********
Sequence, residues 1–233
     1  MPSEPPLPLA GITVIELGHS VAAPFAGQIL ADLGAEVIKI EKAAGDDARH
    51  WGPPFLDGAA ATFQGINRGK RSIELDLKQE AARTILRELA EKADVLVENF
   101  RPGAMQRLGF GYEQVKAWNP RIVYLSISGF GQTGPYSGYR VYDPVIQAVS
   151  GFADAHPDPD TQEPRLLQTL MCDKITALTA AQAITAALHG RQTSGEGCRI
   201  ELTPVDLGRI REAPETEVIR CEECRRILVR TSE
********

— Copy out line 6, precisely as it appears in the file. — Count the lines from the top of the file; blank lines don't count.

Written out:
   201  ELTPVDLGRI REAPETEVIR CEECRRILVR TSE